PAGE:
s in a single quarry suggests that Deinonychus may have fed on that animal, and perhaps hunted it. Ostrom and Maxwell have even used this information to speculate that Deinonychus might have lived and hunted in packs. The second such quarry is from the Antlers Formation of Oklahoma. The site contains six partial skeletons of Tenontosaurus of various sizes, along with one partial skeleton and many teeth of Deinonychus. One tenontosaur humerus even bears what might be Deinonychus tooth marks. Brinkman et al. (1998) point out that Deinonychus had an adult mass of 70–100 kilograms, whereas adult tenontosaurs were 1–4 metric tons. A solitary Deinonychus could not kill an adult tenontosaur, suggesting that pack hunting is possible.

A recent study by Roach and Brinkman has called into question the cooperative pack hunting behavior of Deinonychus, based on what is known of modern carnivore hunting and the taphonomy
Taphonomy
Taphonomy is the study of decaying organisms over time and how they become fossilized . The term taphonomy was introduced to paleontology in 1940 by Russian scientist Ivan Efremov to describe the study of the transition of remains, parts, or products of organisms, from the biosphere, to the...

 of tenontosaur sites. Modern archosaur
Archosaur
Archosaurs are a group of diapsid amniotes whose living representatives consist of modern birds and crocodilians. This group also includes all extinct non-avian dinosaurs, many extinct crocodilian relatives, and pterosaurs. Archosauria, the archosaur clade, is a crown group that includes the most...

s (bird
Bird
Birds are feathered, winged, bipedal, endothermic , egg-laying, vertebrate animals. Around 10,000 living species and 188 families makes them the most speciose class of tetrapod vertebrates. They inhabit ecosystems across the globe, from the Arctic to the Antarctic. Extant birds range in size from...

s and crocodile
Crocodile
A crocodile is any species belonging to the family Crocodylidae . The term can also be used more loosely to include all extant members of the order Crocodilia: i.e...

s) and komodo dragon
Komodo dragon
The Komodo dragon , also known as the Komodo monitor, is a large species of lizard found in the Indonesian islands of Komodo, Rinca, Flores, Gili Motang and Gili Dasami. A member of the monitor lizard family , it is the largest living species of lizard, growing to a maximum length of in rare cases...

s display little cooperative hunting; instead, they are usually either solitary hunters, or are drawn to previously killed carcasses, where much conflict occurs between individuals of the same species. For example, in situations where groups of komodo dragons are eating together, the largest individuals eat first and will attack smaller komodos that attempt to feed; if the smaller animal is killed, it is cannibalized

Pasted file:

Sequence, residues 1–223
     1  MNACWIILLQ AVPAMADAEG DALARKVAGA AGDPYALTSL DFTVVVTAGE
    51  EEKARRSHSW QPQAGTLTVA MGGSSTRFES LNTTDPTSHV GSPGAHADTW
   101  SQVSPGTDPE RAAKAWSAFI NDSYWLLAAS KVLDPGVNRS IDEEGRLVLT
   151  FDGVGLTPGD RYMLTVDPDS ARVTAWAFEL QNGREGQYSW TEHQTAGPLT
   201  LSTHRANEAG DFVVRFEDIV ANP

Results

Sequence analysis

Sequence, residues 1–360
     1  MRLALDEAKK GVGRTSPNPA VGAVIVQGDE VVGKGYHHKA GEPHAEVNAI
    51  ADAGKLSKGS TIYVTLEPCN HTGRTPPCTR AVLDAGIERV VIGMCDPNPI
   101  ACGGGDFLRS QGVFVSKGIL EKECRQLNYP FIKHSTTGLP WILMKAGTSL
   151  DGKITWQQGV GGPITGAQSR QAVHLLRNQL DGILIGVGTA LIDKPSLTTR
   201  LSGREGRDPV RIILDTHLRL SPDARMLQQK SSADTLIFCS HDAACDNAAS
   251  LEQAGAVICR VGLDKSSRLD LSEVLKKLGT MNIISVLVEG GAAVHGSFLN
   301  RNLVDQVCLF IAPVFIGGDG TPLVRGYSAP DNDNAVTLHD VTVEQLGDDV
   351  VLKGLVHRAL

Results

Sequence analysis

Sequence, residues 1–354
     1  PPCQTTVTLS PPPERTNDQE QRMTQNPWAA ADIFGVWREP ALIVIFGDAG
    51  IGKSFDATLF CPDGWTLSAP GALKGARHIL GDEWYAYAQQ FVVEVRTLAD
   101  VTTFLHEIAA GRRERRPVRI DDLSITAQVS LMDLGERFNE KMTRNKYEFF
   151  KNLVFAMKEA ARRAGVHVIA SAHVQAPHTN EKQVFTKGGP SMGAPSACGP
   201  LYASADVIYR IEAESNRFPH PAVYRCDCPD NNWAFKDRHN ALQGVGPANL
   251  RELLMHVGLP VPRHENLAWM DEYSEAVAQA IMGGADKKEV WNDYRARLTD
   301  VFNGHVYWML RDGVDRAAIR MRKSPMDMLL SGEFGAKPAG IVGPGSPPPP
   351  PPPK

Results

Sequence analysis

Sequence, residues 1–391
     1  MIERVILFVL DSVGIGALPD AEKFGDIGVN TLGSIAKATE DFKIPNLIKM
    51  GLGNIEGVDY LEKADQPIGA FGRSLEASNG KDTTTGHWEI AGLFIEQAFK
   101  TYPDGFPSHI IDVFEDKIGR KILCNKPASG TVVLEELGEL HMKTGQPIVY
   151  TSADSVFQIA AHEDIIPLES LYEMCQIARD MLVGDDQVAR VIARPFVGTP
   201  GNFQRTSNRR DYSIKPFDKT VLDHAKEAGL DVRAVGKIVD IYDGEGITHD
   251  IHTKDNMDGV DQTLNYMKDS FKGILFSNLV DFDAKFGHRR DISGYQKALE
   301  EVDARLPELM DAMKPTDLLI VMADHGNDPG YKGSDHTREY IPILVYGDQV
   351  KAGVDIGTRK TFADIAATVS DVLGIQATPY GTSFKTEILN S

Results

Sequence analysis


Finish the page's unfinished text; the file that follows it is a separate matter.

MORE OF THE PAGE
Cannibalism (zoology)
In zoology, cannibalism is the act of one individual of a species consuming all or part of another individual of the same species as food. Cannibalism is a common ecological interaction in the animal kingdom and has been recorded for more than 1500 species...

. When this information is applied to the tenontosaur sites, it appears that what is found is consistent with Deinonychus having a komodo- or crocodile-like feeding strategy. Deinonychus skeletal remains found at these sites are from subadults, with missing parts consistent with having been eaten by other Deinonychus. On the other hand, a paper by Li et al.. describes track sites with similar foot spacing and parallel trackways, implying gregarious packing behavior instead of uncoordinated feeding behavior.

Bite force



Bite force estimates for Deinonychus were first produced in 2005, based on reconstructed jaw musculature. This study concluded that Deinonychus likely had a maximum bite force only 15% that of the modern American Alligator
American Alligator
The American alligator , sometimes referred to colloquially as a gator, is a reptile endemic only to the Southeastern United States. It is one of the two living species of alligator, in the genus Alligator, within the family Alligatoridae...

. A 2010 study by Paul Gignac and colleagues attempted to estimate the bite force based directly on newly discovered Deinonychus tooth puncture marks in the bones of a Tenontosaurus. These puncture marks came from a large individual, and provided the first evidence that large Deinonychus could bite through bone. Using the tooth marks, Gignac's team were able to determine that the bite force of Deinonychus was significantly higher than earlier studies had estimated by biomechanical studies alone. They found the bite force of Deinonychus to be between 4,100 and 8,200 newtons, greater than living carnivorous mammals including the hyena
Hyena
Hyenas or Hyaenas are the animals of the family Hyaenidae of suborder feliforms of the Carnivora. It is the fourth smallest biological family in the Carnivora , and one of the smallest in the mammalia...

, and equivalent to a similarly sized alligator.

Gignac and colleagues also noted, however, that bone puncture marks from Deinonychus are relatively rare, and unlike larger theropods with many known puncture marks like Tyrannosaurus
Tyrannosaurus
Tyrannosaurus meaning "tyrant," and sauros meaning "lizard") is a genus of coelurosaurian theropod dinosaur. The species Tyrannosaurus rex , commonly abbreviated to T. rex, is a fixture in popular culture. It lived throughout what is now western North America, with a much wider range than other...